The challenge of successful, crime-free re-entry is enormous. Lack of a place to live and the temptation of old friends are immediate issues that newly-released prisoners face. Praying Christians help provide an important and necessary supportive route back into the community.
To get off to a healthy start upon release, ex-prisoners need to have access to medical care. For many, incarceration was their first chance at receiving regular medical care, though the quality of care was usually minimal and inconsistent.
Nationwide, as many as 60 percent of ex-prisoners are unemployed one year after their release from prison. This signals pending disaster — not only for the ex-prisoners and their families, but also for the broader community.
The moment ex-prisoners step off the bus in your community, a daunting challenge stares them smack in the face – where to find a safe place to sleep that night.
Failing a drug or alcohol test is the number-one reason parolees are sent back to jail or prison. That’s why no reentry program is complete without addressing the issue of drug and alcohol addictions.
For any prison ministry to be truly effective, it must have a solid foundation of prayer. In prayer we call upon God for resources that He alone can provide in our battle against the spiritual forces of darkness.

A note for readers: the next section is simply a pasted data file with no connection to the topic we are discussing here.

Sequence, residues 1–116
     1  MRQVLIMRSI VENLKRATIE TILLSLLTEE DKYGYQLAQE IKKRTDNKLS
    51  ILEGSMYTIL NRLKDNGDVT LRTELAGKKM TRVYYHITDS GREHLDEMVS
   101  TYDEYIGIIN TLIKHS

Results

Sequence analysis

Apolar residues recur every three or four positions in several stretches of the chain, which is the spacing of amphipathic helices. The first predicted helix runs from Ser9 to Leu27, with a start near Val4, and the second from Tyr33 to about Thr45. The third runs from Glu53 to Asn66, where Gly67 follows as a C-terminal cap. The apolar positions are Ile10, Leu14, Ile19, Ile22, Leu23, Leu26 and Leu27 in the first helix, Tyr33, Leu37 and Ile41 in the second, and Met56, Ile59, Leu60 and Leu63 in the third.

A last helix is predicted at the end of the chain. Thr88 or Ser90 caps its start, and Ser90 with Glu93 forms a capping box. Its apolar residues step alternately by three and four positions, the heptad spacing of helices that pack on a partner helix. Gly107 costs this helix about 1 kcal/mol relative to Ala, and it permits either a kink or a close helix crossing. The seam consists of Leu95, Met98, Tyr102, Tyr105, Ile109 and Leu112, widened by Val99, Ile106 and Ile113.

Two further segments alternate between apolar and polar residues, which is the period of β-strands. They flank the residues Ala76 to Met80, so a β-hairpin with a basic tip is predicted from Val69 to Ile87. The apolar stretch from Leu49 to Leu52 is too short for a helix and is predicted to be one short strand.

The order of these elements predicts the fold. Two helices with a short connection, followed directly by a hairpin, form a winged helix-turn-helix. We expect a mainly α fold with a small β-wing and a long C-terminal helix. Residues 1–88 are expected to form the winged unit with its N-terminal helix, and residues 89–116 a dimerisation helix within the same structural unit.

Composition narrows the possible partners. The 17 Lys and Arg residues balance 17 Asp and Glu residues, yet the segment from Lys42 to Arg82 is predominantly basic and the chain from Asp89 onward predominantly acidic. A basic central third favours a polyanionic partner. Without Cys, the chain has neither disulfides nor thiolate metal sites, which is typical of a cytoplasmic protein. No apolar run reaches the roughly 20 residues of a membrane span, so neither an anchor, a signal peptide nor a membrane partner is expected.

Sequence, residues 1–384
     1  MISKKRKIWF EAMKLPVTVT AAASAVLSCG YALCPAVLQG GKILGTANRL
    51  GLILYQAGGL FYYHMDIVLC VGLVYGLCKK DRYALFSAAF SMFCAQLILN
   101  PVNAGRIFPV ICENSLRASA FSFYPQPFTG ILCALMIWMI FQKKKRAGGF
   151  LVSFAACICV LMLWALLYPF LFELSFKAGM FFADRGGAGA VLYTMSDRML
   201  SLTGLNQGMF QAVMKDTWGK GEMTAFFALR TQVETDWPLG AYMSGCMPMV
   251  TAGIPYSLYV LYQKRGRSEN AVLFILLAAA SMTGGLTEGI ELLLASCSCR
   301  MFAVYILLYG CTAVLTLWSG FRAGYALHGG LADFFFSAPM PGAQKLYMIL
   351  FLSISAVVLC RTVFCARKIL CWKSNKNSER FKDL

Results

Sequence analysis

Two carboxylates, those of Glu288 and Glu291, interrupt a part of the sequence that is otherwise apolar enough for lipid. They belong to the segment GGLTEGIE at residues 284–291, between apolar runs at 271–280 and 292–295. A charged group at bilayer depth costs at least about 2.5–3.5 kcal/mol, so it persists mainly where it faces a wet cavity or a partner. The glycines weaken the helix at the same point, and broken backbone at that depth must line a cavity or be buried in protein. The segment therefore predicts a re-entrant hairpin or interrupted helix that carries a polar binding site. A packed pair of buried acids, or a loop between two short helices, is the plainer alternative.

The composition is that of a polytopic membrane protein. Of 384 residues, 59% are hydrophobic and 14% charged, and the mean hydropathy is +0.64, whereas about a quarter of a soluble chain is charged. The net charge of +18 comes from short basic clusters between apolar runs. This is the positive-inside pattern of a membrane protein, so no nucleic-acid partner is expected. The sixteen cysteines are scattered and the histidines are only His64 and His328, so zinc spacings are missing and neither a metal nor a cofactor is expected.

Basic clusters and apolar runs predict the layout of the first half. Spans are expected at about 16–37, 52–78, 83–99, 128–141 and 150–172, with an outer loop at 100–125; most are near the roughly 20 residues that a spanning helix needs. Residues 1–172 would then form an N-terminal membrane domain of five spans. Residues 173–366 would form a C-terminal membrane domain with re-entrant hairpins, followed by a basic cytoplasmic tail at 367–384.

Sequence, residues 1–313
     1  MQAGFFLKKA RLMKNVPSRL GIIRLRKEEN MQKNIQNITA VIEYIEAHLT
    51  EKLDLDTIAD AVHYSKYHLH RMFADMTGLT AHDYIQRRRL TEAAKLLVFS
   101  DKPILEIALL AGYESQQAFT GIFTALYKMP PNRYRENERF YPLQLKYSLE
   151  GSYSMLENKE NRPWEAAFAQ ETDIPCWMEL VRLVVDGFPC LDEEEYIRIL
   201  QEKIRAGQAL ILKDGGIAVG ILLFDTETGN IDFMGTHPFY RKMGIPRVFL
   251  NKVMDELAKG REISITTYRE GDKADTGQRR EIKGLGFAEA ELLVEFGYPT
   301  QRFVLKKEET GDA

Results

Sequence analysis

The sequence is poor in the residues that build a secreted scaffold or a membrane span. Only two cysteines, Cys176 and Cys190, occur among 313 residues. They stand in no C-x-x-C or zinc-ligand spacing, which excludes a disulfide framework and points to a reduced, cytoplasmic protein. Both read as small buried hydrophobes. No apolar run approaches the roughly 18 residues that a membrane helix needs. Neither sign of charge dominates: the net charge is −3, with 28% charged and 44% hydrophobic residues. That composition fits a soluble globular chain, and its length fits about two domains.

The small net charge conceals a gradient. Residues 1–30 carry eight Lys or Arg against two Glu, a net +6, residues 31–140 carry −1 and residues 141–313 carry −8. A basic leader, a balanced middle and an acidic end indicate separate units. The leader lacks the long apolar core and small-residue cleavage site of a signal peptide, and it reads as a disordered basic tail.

New volunteers sometimes wonder what to say to prisoners they meet at an in-prison class or program. However, those with years of prison ministry can share some helpful insights.
Do you love to study and share God’s Word with others? If so, leading a prison Bible study may be a great way to be involved in prison ministry.
Feeling a little nervous about teaching prisoners? That’s pretty normal. Most prisoners have very different life experiences than the people you see at church every Sunday. Prison is a harsh environment and prisoners often do whatever it takes to survive. Many wish their lives were different, but they have no idea how to change.